Rhabdomyolysis is a rare but potentially fatal condition. Muscle compression is the most common cause. Experiments in animals confirmed the involvement of T. equestre in the etiology of rhabdomyolysis. Mice receiving T. equestre extract had increased creatine kinase levels, whereas those receiving P. ostreatus extract did not.
Since all extracts of T. equestre were toxic to mice, inducing increases in creatine kinase levels, the toxic compound appears to be extracted equally well by water and chloroform-methanol. It remains to be identified.
Jack E. Ansell
Air Travel and Venous Thromboembolism – Is the Evidence in ?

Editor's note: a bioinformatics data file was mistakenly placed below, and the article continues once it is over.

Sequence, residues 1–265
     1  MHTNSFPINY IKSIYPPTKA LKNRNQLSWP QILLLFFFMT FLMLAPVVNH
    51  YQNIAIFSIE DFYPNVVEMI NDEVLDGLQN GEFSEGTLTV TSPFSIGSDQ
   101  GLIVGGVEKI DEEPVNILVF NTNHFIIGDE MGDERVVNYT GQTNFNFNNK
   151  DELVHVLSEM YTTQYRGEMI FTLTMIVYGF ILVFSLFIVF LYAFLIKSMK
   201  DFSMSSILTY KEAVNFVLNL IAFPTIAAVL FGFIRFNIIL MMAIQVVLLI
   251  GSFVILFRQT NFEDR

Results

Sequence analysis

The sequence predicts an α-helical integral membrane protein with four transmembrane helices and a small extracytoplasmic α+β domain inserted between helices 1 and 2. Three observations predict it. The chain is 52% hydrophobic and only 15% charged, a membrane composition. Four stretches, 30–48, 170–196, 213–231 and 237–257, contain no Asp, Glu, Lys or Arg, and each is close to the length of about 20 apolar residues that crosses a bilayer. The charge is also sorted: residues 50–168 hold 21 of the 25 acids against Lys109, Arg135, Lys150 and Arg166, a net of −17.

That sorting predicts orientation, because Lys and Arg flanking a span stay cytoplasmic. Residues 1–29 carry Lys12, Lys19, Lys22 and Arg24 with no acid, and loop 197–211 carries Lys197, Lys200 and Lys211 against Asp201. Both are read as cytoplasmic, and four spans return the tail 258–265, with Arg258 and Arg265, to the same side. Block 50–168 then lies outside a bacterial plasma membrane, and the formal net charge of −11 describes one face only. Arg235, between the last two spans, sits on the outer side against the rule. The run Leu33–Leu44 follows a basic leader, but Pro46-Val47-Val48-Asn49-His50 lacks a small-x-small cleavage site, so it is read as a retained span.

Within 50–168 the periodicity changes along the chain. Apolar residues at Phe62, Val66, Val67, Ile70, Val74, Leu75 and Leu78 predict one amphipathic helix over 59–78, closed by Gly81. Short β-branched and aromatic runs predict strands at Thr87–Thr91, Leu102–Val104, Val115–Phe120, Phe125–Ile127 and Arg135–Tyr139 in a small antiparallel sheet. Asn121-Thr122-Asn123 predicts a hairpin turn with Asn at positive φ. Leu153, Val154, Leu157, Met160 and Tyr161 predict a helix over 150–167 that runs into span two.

New Eng J Med. Vol.345, Sept. 13, 2001, pg.828-29
Although immobility leading to venous stasis may be the principal precipitating factor, there might be additional factors associated with air travel in particular that further predispose travelers to thrombosis.
These include dehydration, leading to hemoconcentration, decreased oxygen tension and ambient pressure, impairing fibrinolysis and including the activation of coagulation, increased fluid retention, causing swelling in the legs; and increased erythropoietin levels. Many of these factors are not likely to be present in persons traveling by other means, so the risk of venous thromboembolism may be greater with air travel.
Lapostolle et al have made an important contribution to the understanding of this problem by providing a yardstick for the objective quantification of the risk of pulmonary embolism during air travel.